Justin Sexten: Wearables?
When the term “wearable” is used in the context of precision livestock farming most think about the assorted sensors attached to the animal that communicate with the internet of things (IOT). These sensors provide the producer with data for enhanced decision making or alerts to key behavior changes.
The most common external attachment methods for cattle include ear tags, neck collars, leg bands, and tail clips. Many of the detailed features of these measurements have been previously highlighted but for the new followers a quick review.
Ear tags offer the greatest flexibility in data collection because they also serve as an identification device. When connected to the IOT they may provide behavior insights as well as temperature readings but more importantly combine these data with a visual connection of the animal to operational records. If you cannot identify the animal visually the ability to use the data becomes more limiting.
Ear tags have the widest range of technology applications. Some are limited to a simple electronic ID while others have integrated sensors to geolocate cattle, monitor temperature or determine rumination patterns.
The wearable collars, bands, patches and clips tend to have a narrower range of application due in part to the method of attaching to the animals. These devices collect a range of behavior insights such as grazing, estrus, calving, lameness and health metrics. For external wearables the challenge of incorporating into many operations is attaching the device to the animal or changing devices as battery life wanes. An upside to these devices is the ability to reuse the device on multiple animals.
Internal wearables such as rumen boluses overcome the attachment challenge but are limited to a single animal use that offers a scannable ID and time series measurements of body temperature and rumen pH. Battery life becomes a key to rumen devices due to the longer use in singular animals. Vaginal inserts offer insights to body temperature and estrus detection.
As technology advances the range of sensor applications will continue to expand as will the duration of data collection. Technology offering multiple solutions will prevail, the more data and decisions a sensor can address the greater the adoption rate.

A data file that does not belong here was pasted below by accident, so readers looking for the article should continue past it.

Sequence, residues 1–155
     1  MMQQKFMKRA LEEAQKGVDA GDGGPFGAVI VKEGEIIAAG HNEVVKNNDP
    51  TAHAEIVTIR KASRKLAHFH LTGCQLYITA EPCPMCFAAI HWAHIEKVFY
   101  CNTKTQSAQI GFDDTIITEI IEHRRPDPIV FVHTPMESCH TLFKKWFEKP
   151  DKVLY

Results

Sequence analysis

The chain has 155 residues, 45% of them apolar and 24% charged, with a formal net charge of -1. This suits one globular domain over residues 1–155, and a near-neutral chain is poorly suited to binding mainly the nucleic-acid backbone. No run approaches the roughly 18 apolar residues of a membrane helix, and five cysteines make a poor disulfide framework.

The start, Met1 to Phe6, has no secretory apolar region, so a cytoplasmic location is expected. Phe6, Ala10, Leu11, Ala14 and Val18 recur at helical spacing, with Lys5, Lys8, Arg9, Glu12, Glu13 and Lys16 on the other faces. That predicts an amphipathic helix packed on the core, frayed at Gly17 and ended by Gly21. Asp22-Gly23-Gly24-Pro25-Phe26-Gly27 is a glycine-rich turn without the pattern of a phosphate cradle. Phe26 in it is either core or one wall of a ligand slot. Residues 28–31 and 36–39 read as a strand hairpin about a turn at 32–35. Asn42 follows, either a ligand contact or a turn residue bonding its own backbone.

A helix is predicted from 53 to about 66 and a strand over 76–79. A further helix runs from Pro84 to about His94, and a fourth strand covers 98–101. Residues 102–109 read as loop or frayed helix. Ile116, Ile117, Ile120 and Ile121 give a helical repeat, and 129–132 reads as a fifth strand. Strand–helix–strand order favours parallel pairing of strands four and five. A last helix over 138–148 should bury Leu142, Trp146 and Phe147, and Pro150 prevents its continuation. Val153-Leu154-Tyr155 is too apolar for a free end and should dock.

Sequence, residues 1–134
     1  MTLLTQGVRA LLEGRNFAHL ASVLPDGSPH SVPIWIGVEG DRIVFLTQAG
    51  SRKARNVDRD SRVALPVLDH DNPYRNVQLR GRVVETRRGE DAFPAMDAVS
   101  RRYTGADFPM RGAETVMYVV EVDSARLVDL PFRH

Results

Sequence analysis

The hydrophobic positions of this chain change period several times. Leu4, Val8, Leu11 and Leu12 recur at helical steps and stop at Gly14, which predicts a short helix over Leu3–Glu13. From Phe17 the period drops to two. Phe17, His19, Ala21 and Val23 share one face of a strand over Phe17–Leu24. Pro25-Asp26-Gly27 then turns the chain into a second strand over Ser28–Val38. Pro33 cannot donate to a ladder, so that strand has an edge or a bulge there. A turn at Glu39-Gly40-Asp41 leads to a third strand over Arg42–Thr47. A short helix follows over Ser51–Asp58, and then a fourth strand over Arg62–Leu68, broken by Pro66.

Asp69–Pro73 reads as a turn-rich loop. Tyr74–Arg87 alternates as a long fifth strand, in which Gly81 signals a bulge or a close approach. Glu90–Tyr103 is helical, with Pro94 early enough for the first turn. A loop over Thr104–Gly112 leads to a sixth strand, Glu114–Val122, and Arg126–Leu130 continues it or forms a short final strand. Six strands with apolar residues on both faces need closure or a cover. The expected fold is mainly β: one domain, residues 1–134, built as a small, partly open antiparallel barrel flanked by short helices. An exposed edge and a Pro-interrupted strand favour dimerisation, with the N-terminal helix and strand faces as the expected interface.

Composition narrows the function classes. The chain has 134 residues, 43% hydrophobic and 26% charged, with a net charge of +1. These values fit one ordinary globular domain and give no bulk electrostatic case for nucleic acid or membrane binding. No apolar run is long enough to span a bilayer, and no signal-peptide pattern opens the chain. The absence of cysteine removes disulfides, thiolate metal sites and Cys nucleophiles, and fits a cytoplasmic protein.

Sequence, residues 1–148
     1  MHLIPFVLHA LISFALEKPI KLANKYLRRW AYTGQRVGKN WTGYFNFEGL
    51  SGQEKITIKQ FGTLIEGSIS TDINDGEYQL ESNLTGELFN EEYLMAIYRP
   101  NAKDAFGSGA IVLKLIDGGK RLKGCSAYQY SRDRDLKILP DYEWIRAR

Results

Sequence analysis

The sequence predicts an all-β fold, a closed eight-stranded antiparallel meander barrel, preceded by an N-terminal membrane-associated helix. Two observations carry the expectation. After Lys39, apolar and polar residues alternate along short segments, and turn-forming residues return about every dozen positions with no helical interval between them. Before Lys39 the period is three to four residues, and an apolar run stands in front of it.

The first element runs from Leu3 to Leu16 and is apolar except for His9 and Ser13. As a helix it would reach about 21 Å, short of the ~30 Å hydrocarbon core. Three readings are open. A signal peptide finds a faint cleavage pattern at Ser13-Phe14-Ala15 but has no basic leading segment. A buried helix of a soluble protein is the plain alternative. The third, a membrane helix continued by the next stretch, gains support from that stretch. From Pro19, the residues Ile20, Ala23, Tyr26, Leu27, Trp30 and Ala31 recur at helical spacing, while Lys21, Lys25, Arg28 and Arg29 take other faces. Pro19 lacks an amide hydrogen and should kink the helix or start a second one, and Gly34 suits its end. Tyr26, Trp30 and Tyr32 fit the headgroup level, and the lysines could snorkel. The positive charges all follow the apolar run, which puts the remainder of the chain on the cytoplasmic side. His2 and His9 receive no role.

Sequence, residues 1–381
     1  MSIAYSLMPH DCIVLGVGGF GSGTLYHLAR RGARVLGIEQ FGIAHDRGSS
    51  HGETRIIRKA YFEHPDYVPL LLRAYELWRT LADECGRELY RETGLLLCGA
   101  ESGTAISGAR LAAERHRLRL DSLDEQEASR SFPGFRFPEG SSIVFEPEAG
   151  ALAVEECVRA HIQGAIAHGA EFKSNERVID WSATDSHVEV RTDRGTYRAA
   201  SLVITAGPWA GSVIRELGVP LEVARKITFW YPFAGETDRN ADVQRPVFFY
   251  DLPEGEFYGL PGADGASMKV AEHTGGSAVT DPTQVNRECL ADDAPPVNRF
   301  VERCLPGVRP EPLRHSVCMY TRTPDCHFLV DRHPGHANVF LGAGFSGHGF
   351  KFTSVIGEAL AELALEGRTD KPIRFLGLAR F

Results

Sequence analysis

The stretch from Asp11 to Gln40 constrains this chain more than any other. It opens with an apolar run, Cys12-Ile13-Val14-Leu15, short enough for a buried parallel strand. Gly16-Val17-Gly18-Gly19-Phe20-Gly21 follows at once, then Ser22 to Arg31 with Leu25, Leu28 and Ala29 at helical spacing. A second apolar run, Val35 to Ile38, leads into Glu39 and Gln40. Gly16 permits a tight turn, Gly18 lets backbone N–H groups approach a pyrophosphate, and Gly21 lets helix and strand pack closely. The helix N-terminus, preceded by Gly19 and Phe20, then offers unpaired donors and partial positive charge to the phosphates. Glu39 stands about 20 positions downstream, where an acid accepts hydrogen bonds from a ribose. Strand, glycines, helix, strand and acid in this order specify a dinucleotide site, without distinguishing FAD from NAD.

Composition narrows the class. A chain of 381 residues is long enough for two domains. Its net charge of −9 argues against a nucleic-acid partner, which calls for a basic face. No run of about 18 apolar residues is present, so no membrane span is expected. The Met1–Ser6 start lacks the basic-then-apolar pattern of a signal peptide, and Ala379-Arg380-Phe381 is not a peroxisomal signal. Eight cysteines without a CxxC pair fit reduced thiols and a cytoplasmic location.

Single point solutions are a challenge to scale in almost every industry, especially technology. A singular problem may be significant but a singular solution often doesn’t justify the cost. If the solution is affordable the secondary problem is the data are not connected to your workflow. Just look at the applications you use today, most solve multiple problems or provide connected solutions and there are likely several used once then abandoned because they were not integral to daily life.
An example of technology solving a simple multifactorial problem is the ability to access your phone while your hands are occupied. Facial recognition makes the problem of unlocking your phone easier while solving a secondary challenge of remembering passwords. What’s this have to do with wearable technology in precision livestock farming? A recent report from Animals by Maria Caria and her Italian coworkers evaluated the ability to automate data capture using “wearable” smart glasses by livestock producers.
Using an augmented reality viewer, the research group evaluated the ability to scan QR codes and communicate information hands free from the farm to the laboratory. The code reading features were used to identify specific animals and feedstuffs. The experiment tested the concept and evaluated a hands-free data entry technique. The automated scanning of animal and feedstuff information freed the operator to use hands for manual work.
The glasses functionality, speed and accuracy was the focus of the report rather than comparing the suitability of specific examples. After reading the report here is an example of how the technology might be applied in practice.
Imagine when pregnancy checking cows this autumn the vet looks at the ear tag as the cow enters the chute capturing her ID. After checking the cow and determining months pregnant the vet looks at one of 5 different codes above the chute to add the data to the cow’s record. The producer running the chute hollers keep or cull and the voice recognition adds a sort to the records.
Connect this technology to the farm data platform and the IOT and as soon as the last cow is worked the marketing sheet is sent to the cloud and auction market and the expected calving dates are recorded for each cow, eliminating written records and data entry.
The experiment also evaluated the accuracy of communication using the glasses technology. Not surprising the larger the text the more accurate the glasses were at recognizing the letters. Poor lighting was a challenge for the video communication as you might expect. The audio test resulted in no miscommunications in conversation at normal speaking voice between the operators. This audio performance alone may be enough to drive adoption while sorting cattle for some operations.
Wearable technology whether for the animal or the operator continues to evolve. Precision livestock management is a data driven approach. Successful technology will reduce the work of gathering the data and focus on enhanced decision making.